Hopes of ending the emergency: a critical time for the NHS
Amid record A&E waiting times, hard-working frontline NHS staff feel disillusioned and overwhelmed. Health Secretary Steve Barclays faces a crunch point, says Partner & Head of our Healthcare and Life Sciences Practice SJ Leatherdale.
In those dizzying, tumultuous days of September 2022 that already seem an aeon ago, I wrote about the daunting inbox facing new Secretary of State for Health and Social Care, Thérèse Coffey, expressing the hope that after becoming the fourth holder of this vitally important job in just 18 months, she would remain in post for some time, providing the stability and continuity our wonderful NHS deserves.
Sadly, the revolving door has revolved some more. Following a swift end to Liz Truss’s inglorious Premiership, her successor Rishi Sunak shuffled Thérèse Coffey off to Environment and replaced her with Steve Barclay, who we all know had briefly served as her predecessor during the final days of Boris Johnson’s time in Downing Street.
But as the year is still young, I’m in the mood for positivity and optimism. For those who know me, that’s my natural disposition in any case, and let’s not forget the high energy! But there’s no getting around the hard fact that the NHS is in crisis. Or as the FT recently put it, the NHS is not just in crisis, it’s in an emergency.
The situation is sobering, the figures alarming. Excess deaths in 2022 were among the worst in 50 years and ambulance response times for December were the longest on record, on top of which for the first time over half (50.4%) of patients attending major A&E departments had to wait more than four hours to be seen. With A&Es inundated and bursting at the seams, there are real concerns that ‘corridor care’ and long delays to emergency treatment are being normalised.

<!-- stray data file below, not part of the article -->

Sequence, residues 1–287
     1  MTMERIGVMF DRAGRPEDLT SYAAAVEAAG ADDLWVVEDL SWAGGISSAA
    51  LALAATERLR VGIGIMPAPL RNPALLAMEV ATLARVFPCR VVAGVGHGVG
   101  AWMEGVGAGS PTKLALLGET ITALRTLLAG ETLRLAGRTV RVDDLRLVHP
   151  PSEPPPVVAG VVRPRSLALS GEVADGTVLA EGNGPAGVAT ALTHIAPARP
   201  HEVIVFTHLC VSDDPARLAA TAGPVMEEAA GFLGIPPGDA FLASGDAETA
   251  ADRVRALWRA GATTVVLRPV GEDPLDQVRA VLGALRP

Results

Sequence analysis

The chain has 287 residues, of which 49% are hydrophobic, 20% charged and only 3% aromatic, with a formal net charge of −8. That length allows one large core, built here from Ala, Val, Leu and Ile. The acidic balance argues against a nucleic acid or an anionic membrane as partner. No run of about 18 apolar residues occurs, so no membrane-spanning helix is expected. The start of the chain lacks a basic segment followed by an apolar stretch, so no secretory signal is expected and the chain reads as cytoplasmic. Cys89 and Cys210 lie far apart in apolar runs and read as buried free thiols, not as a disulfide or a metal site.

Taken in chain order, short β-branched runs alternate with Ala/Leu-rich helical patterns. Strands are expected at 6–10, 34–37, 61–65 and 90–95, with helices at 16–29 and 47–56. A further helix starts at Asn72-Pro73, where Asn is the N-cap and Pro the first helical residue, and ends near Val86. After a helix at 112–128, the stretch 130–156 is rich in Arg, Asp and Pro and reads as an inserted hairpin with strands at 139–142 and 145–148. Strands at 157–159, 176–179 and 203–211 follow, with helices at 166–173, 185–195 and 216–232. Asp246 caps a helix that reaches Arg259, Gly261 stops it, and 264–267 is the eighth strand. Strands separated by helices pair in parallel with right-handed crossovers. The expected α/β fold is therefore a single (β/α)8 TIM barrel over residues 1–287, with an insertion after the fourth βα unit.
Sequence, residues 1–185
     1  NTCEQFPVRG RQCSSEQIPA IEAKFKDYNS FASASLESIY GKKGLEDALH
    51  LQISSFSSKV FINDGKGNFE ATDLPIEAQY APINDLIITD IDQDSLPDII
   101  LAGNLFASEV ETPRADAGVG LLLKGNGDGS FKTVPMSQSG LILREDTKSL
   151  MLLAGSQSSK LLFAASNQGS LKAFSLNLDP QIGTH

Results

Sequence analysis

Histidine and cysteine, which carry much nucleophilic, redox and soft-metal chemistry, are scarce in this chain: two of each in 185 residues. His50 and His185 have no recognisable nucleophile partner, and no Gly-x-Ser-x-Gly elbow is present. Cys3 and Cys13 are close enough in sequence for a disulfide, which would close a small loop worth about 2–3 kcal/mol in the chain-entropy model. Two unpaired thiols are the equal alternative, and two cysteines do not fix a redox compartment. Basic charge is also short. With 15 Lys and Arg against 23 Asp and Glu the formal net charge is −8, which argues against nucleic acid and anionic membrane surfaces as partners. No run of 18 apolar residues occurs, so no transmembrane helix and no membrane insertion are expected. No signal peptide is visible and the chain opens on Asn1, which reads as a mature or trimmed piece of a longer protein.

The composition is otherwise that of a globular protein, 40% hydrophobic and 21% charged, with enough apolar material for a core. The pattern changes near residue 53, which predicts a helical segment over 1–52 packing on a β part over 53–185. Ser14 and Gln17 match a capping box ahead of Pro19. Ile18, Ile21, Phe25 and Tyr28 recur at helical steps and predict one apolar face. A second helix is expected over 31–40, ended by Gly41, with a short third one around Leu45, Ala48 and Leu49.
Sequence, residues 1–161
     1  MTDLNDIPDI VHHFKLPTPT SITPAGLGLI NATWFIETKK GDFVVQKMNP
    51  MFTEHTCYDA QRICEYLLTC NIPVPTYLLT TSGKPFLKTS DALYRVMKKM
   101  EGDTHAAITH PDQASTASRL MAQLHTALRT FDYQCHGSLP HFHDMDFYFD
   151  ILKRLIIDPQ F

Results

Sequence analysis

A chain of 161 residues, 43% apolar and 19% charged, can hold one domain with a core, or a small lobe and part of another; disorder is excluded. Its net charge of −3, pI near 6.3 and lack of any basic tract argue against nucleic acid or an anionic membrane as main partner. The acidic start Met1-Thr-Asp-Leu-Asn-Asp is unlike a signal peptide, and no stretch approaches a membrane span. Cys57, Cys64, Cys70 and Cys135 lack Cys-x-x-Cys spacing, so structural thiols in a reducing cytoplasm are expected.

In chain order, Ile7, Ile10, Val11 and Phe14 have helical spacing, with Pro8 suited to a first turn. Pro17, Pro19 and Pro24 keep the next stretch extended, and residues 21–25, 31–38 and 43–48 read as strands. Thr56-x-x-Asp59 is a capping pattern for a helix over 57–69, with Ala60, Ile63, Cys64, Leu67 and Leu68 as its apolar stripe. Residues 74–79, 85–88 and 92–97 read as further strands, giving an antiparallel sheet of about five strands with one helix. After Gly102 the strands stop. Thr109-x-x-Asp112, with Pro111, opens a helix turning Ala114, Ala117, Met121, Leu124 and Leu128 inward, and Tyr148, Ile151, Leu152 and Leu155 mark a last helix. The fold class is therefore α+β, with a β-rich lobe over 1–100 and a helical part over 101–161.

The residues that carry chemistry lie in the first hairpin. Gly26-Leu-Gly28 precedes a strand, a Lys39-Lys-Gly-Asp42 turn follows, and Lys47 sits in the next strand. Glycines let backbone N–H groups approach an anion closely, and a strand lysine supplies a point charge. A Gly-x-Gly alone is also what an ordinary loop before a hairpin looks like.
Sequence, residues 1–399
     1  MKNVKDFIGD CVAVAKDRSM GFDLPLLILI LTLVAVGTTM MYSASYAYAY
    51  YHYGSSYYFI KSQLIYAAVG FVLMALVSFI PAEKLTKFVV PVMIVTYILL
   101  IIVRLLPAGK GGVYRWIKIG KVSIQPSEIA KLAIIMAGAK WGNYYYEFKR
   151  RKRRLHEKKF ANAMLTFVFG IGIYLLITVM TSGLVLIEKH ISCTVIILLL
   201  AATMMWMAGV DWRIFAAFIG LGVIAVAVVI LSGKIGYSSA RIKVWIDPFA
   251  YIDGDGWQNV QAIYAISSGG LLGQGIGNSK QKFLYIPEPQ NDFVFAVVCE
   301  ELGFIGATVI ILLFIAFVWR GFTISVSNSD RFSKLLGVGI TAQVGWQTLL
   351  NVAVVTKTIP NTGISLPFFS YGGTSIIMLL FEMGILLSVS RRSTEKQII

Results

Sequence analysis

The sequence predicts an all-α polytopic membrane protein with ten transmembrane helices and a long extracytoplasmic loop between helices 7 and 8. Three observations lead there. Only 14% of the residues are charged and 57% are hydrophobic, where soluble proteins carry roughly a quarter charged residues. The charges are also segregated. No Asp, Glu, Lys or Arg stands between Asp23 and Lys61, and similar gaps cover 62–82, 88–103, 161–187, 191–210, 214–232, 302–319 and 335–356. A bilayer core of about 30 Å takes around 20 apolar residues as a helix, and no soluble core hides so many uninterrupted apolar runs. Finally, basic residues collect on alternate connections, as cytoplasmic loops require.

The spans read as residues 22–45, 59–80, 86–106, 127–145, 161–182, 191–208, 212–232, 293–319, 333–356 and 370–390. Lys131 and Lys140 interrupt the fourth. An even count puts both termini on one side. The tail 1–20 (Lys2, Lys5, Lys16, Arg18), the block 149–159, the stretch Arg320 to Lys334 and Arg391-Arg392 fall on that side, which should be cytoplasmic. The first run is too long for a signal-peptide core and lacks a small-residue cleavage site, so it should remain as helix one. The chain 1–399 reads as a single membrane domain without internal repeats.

There is at least better news on waiting lists. NHS England figures released this month covering November 2022 show a fall in the NHS waiting list for the first time since the beginning of the pandemic and also highlight that a record number of people have been checked and started treatment for cancer. Demonstrating again how hard NHS staff are working, heroically so.
Yet, there is widespread disillusionment over pay and working conditions. Frontline NHS workers feel stressed about patient safety and the quality of care they are able to deliver within a crumbling system crying out for additional investment. Indeed, as the HSJ reported earlier this month, people are quitting the NHS in record numbers and “staffing is the issue keeping NHS leaders awake at night”.
In these circumstances, with the cost of living crisis biting hard, it’s no surprise that we are seeing a wave of industrial action. For the good of the NHS, its service users and the amazing healthcare professionals who work within it, I hope acceptable agreements can be reached soon and more Government money is made available.
There are no easy answers here, that’s plain. But the NHS cannot and should not be allowed to exist in a permanent state of emergency.
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